Korea’s JIFF ran April 29 - May 7, screening 208 films from 48 countries.

Korea’s 11th Jeonju International Film Festival (JIFF) closed Friday night (May 7), awarding the top Woosuk Award for the International Competition to Rusudan Pirveli’s Georgian film Susa. The award comes with a $10,000 cash prize and $5,000 of production support for the director’s next film.

The Special Jury Prize, also known as the JB Bank Award of KW7m, went to Liao Jiekai’s Singaporean film Red Dragonflies.

The International Competition Jury was made up of critic/curators Philip Cheah and Michael Witt and filmmakers Nacer Khemir, Bae Chang-ho and Lav Diaz.

They presented the Woosuk Award saying it went to “a subtle evocation of the current political predicament facing the Georgian people expressed through the eyes of a young boy: Susa. We felt the director Rusudan Pirveli successfully coaxed a superb performance from her young main actor, and that this was supported by excellent performances throughout, a powerful sense of place, and a beautifully crafted narrative.”

They praised Red Dragonflies as “a film that we valued above all for its mysterious evocation of Singapore’s disappearing history - both social and personal - and its gentle depiction of innocence and passing youth […] We felt that there were moments in this small, relatively low-budget, non-formulaic film by first time director Liao Jiekai that displayed great sensitivity and promise for the future.”

The JJ-Star Award with KW10m for the best film in the Korean Feature Film Competition went to Shin Suwon’s Passerby #3 while the NETPAC Award for best Asian feature went to Pepe Diokno’s Clash from the Philippines.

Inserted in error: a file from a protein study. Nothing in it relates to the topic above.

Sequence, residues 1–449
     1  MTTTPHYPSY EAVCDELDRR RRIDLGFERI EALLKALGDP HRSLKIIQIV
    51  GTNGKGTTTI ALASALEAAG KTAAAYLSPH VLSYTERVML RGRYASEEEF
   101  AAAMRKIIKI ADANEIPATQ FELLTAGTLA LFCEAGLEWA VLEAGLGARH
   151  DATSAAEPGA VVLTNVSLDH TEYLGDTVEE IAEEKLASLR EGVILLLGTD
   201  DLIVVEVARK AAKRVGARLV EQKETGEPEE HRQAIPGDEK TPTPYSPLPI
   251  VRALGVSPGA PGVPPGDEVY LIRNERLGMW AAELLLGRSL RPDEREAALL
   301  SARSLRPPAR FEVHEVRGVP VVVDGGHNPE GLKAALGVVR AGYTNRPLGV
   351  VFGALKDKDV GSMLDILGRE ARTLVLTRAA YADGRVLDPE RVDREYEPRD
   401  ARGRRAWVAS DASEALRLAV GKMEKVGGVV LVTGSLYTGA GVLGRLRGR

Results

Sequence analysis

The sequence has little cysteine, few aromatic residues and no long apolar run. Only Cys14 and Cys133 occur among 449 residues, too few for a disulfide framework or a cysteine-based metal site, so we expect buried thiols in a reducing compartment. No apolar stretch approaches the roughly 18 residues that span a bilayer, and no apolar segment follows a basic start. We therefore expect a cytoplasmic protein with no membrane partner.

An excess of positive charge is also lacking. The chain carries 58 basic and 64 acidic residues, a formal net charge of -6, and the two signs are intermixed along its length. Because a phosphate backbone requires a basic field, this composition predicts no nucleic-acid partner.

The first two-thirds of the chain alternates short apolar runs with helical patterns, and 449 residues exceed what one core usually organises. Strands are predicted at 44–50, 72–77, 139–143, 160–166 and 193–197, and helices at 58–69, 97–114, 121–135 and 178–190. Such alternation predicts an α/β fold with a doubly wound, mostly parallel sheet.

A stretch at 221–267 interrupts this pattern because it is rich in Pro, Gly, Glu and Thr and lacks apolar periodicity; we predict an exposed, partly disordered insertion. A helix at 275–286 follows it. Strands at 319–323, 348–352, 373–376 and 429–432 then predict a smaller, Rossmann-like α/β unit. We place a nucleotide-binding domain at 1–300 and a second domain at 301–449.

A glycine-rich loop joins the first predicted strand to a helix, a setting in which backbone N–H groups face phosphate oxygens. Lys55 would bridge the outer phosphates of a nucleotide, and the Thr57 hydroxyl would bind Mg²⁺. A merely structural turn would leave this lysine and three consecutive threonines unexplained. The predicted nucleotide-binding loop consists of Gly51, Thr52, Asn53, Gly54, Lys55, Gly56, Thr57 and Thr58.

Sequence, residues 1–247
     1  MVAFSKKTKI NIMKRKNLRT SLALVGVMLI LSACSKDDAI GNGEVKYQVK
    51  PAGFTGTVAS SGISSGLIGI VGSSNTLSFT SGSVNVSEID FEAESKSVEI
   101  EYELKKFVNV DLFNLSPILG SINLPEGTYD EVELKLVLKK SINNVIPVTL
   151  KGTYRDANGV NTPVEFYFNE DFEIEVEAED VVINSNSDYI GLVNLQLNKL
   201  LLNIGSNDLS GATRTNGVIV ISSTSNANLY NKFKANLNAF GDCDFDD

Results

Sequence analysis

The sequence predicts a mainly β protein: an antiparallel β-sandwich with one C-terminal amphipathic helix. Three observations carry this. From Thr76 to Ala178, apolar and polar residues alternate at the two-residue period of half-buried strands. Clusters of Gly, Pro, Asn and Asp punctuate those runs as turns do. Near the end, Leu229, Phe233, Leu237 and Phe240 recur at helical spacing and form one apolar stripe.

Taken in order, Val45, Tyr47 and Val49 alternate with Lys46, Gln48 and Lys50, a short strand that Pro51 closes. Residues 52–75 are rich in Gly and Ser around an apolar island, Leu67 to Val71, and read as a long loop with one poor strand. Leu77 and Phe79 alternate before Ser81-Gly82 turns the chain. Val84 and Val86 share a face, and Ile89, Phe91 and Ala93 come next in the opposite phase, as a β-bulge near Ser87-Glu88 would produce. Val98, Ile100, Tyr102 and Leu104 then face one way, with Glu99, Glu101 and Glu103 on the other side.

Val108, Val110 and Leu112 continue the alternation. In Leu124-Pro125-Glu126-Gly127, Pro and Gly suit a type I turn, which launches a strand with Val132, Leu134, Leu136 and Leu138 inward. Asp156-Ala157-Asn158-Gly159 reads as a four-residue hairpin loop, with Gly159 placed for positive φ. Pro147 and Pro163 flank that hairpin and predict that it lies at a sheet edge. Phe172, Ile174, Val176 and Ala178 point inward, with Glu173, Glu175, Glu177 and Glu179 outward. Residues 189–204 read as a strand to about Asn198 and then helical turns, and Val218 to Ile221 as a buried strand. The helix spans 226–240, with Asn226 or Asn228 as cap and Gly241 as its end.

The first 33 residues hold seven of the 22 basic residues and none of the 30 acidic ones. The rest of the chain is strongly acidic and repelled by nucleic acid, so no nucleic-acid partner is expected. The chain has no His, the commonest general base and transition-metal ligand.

The Movie Collage Award, sponsored by exhibitor CJ CGV with a two-week theatrical release and marketing support, went to Kim Ki-hoon’s The Boy From Ipanema. The film also took the Audience Critics’ Award of KW2m.

JIFF ran April 29 - May 7, screening 208 films from 48 countries. The festival had a budget of KW3.1bn, down from KW3.59bn for their 10th anniversary bash. It sold a total of 66,913 tickets, down from 70,762 last year, but the fest had 14 screens with a seat occupancy rate of 83.4%, up from 77.6% for 15 screens last year.

The festival included a retrospective for Portuguese director Pedro Costa who held a four-hour masterclass at the beginning of which he declared, “JIFF seems a very, very strange and special festival. It screens precious films that are barely screened even in European, American, Japanese or Korean film clubs or museums, but here, the houses are full and audiences are intense. I don’t see any other festivals like Jeonju.”

He also noted that the festival does another unusual thing, which is produce films. The Jeonju Digital Project 2010 was deemed a success with different contributions from James Benning, Denis Cote and Matias Pineiro in the omnibus.

The festival is also producing a feature by veteran Korean director Im Kwon-taek. His 101st film Dalbit Gileo Olligi (original title), roughly translated as “Scooping Up Moonlight”, which was in its last days of shooting, was honored during with fest with a party showing clips from a documentary being shot by Kim Hong-joon.

In the Dalbit, actor Park Joong-hoon (Haeundae) plays a civil servant who sets out to restore the prestige and tradition of Jeonju’s rice paper hanji with a TV documentary producer played by Kang Soo-Yeon (The Surrogate).

Shot in digital - a first for the director - the film experiments with documentary and fiction by putting the actors in the roles of real people and actual hanji masters in the roles of themselves.